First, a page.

When it comes to motivation to get and stay healthy, there are a variety of reasons.
To maintain good health, to keep weight under control, to train for a specific challenge, to look good – the reasons are many and varied.
Training for real life
For many people however, the main reason for doing fitness activities is to ensure they can continue to live life to the full and undertake any tasks they are given. This is known as functional fitness. Functional fitness focuses on building a body capable of doing real-life activities in real-life positions, not just lifting a certain amount of weight in an idealised position created by a gym machine.
How to incorporate functional fitness into your regime
So how can you turn your regular weights session in the gym into a functional fitness training session? Well, some exercises are functional by their very nature. A squat is a functional exercise because it uses all the muscles that you call upon when you get up from a chair or pick up a low object. A bicep curl, on the other hand, is not – can you think of a time when you replicate that exact action in everyday life?
Functional fitness exercises can be done at home or at the gym. Gyms may offer functional fitness classes or incorporate functional fitness into boot camps or other types of classes. Exercise tools, such as fitness balls, kettle bells and weights, are often used in functional fitness workouts.
The difference between conventional weight training and functional fitness is that conventional weight training isolates muscle groups, but it doesn’t teach the muscle groups you’re isolating to work with others. Functional fitness teaches all the muscles to work together efficiently.
When you are devising a functional fitness circuit think about the exercises that incorporate many body parts and muscle groups working together. A Turkish Get-up is a great example. You lie on the floor holding a weight above your head and, keeping the weight in the above head position, you get to your feet – so many muscle groups are used in this exercise. And if a number of reps are carried out, it raises your heart rate too, adding a cardio element to the training.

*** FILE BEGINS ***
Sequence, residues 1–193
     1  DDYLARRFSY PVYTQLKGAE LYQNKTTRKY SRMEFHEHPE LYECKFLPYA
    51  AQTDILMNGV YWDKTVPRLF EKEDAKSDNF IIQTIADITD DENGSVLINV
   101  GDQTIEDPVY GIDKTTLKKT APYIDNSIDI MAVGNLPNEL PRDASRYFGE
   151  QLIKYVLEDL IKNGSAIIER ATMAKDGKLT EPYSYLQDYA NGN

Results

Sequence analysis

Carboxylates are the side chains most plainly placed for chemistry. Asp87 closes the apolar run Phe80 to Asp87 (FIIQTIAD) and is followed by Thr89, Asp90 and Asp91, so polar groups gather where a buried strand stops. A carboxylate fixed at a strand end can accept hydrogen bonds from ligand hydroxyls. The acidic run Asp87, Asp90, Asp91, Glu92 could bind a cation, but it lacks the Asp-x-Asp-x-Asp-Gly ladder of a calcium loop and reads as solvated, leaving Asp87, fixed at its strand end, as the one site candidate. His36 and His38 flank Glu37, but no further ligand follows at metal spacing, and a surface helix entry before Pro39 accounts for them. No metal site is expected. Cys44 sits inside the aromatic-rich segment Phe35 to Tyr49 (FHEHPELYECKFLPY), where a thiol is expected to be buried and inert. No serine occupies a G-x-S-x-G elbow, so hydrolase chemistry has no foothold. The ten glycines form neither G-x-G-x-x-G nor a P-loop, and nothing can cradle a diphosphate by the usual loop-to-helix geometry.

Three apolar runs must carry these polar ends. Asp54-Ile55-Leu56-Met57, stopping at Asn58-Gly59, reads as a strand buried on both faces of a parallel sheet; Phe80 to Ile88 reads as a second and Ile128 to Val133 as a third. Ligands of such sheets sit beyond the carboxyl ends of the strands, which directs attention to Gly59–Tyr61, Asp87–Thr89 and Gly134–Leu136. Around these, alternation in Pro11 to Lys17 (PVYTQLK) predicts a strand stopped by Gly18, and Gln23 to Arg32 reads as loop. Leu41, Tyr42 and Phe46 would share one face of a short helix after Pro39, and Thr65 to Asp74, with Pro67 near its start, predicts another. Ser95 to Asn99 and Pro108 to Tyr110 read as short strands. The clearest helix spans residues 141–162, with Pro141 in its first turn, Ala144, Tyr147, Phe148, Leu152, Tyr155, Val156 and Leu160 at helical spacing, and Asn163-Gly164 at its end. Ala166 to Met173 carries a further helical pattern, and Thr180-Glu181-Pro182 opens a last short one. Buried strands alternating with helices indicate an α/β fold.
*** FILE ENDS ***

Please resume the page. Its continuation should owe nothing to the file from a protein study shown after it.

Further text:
Examples of exercises you can do
Here some examples of some functional exercises.
A bent-over row, where you are leaning over a bench, holding the weight in one hand with your arm hanging straight down. You then pull the weight up as your elbow points to the ceiling, finishing with your upper arm parallel to the ground. The exercise mainly works the back, the shoulders, the arms and the chest. It also works the whole body, because the legs are taking the weight and the stomach is working hard to keep your body in position.
Compare that motion to a carpenter bending over a piece of wood, a nurse bending over a bed to transfer a patient, or a car mechanic bending over the car engine to do some work on the engine. Anyone doing a bent-over row will find there is a transferable action in things you do in normal life.
Four functional exercises you can do in the gym
Lift a weights bar from the floor to your chest in one swift movement. Start with knees bent and back straight. Generate power through your legs. This exercise is all about whole body explosiveness. Lift the weight from the floor to your chest. You will be using your ankles, calves, hamstrings, quads, hip flexors, as well as your core and arms.
Lift the weight bar from your chest to an overhead position, with your arms straight. The movement replicates throwing, pushing and lifting. And you are standing, which means you are pushing through your legs as well.
Using a bar, hang with your arms almost straight. Now pull up until your chin is over the height of the bar. In effect, you are pulling your entire body weight upwards. This sort of movement might transfer to climbing, dragging objects, wrestling.
Overhead press with a lunge
Start in standing position, holding dumbbells, push your arms above your head. Maintaining that position, lower your right knee to the floor, then your left knee. Still holding the dumbbells above your head, reverse your leg movements until you are standing. Repeat 20 times, leading with the right leg for 10, then the left leg for 10.
This exercise works the shoulder stabilisers and core stabilisers as you move dynamically from kneeling to standing. Take your time with the exercise and feel how your shoulders and core work hard to stabilise the dumbbells above your head.
Balance is key
This does not mean that conventional weight training is to be avoided. A good weight training session will combine elements of both. Integrating functional fitness exercises into your work out, ensures a full range of muscles are being worked. This will give you greater stability and fitness for everyday life.